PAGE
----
The Morgan County Health Department is challenging local smokers to put down their cigarettes for the next 24 hours as part of the Great American Smokeout.
The national campaign organized by the American Cancer Society designates every third Thursday in November as the time to start kicking the habit.
Morgan County Health Department’s Tobacco Program Coordinator Bonnie Mueller says while rates have gone down in recent years, smoking remains a major health risk for local residents.
“Smoking is still something that we need to work on here in Illinois and here specifically in Morgan County. We find that young people are smoking more than older adults and part of that is because as people get older, they become ill, so those folks have a big reason to quit smoking and also, unfortunately, people are dying because of their smoking habits,” says Mueller.
A recent trend within the smoking community is the use of electronic cigarettes, particularly among younger smokers. Mueller discusses the effects of this alternative smoking method.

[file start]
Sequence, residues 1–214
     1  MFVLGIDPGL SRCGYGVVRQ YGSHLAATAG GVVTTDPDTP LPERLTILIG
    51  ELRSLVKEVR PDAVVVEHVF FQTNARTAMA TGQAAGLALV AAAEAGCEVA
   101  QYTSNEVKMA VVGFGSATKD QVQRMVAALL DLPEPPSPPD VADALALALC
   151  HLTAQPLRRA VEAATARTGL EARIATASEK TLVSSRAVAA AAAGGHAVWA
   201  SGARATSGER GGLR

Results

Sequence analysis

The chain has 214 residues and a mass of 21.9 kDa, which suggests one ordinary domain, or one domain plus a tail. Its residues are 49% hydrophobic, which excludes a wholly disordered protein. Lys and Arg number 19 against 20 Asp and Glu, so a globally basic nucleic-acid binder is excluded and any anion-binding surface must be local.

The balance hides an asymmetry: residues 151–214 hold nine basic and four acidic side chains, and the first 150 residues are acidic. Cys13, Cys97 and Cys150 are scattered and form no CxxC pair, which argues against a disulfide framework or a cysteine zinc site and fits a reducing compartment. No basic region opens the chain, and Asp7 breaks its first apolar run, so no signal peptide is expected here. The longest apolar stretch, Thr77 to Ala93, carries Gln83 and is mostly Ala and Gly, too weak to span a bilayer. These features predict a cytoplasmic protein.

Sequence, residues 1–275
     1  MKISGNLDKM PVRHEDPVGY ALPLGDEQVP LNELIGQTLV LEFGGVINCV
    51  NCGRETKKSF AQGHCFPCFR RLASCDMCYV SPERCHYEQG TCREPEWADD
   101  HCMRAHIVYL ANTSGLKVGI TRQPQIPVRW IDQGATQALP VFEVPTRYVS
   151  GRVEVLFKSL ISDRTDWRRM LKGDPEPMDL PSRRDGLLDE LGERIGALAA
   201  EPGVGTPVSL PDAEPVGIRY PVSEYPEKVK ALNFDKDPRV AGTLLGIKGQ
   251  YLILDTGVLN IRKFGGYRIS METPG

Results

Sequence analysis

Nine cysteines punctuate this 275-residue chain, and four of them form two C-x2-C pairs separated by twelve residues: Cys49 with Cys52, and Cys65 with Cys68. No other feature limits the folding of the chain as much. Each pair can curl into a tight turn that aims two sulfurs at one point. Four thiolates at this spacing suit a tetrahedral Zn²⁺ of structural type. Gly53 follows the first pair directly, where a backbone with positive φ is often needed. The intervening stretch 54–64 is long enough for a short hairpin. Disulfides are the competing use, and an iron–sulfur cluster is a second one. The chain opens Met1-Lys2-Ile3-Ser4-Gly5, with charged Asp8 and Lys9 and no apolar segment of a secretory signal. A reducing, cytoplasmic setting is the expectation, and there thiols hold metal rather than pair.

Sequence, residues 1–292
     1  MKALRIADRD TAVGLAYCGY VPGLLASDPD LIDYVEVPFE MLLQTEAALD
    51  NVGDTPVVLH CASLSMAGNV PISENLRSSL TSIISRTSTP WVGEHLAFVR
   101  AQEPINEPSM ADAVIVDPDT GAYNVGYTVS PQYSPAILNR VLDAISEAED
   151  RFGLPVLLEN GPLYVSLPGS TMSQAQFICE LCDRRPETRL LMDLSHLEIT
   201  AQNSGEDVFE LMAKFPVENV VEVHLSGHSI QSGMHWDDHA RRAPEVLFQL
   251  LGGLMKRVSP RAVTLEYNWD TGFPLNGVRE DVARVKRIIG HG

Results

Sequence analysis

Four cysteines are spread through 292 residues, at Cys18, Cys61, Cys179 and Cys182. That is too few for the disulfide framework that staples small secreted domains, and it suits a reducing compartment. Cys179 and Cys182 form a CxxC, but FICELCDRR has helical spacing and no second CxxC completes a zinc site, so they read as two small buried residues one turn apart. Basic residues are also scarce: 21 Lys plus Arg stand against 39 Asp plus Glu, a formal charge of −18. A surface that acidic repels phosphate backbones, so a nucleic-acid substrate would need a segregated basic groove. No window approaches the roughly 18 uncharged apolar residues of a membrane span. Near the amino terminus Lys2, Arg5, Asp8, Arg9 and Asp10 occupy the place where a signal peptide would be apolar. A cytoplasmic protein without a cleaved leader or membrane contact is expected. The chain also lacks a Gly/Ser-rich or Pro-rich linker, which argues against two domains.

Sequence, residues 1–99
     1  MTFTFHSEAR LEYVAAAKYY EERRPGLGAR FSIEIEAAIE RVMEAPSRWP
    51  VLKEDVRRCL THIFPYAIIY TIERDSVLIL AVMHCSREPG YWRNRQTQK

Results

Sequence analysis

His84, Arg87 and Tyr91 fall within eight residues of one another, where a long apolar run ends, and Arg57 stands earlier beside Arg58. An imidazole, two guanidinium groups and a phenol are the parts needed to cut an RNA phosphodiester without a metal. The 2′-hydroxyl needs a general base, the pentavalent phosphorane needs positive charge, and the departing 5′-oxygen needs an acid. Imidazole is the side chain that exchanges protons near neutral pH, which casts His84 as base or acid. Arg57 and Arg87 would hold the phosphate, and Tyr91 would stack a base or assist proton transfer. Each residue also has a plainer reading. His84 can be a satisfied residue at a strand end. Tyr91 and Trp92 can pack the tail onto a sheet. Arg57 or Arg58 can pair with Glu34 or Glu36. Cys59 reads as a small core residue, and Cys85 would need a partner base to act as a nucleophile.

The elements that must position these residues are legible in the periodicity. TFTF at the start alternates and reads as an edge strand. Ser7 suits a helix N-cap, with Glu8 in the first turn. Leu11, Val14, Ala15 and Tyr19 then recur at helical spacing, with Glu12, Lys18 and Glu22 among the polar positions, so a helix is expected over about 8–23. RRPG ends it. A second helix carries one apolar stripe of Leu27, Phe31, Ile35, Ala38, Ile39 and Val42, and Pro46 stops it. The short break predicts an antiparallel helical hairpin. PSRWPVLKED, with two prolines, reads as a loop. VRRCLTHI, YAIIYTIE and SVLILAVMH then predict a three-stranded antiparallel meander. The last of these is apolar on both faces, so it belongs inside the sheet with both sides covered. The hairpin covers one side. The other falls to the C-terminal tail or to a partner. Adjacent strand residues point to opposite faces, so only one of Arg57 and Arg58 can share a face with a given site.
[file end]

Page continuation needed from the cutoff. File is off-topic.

“E-cigarettes have definitely taken a big jump here among the young adults. They think that this is going to help them not become smokers like we would typically think of a smoker. It’s not a good health choice in replacement of smoking, stopping completely or never starting is your best choice,” Mueller explains.
Mueller provides some simple tips to help prevent the urge of smoking.
“Get rid of ash trays, put cigarettes away, do not allow yourself to pick them up. If you’re driving, that’s one of the triggers that most people like to light up when they get into vehicles. Put the cigarettes in the trunk, don’t allow yourself to have them sitting right next to you so it makes it easier for you to fail. One other tip is avoid other smokers, they can take you down with them,” says Mueller.
While the Great American Smokeout is a 24-hour challenge, Mueller says the ultimate goal is giving up smoking for good. According to Mueller, one of the most helpful tools is the Illinois Tobacco Quit Line, which can be reached at 1-866-QUIT-YES (1-866-784-8937).
To learn more about the effects of smoking or tips to help quit, visit the American Lung Association website at www.lung.org.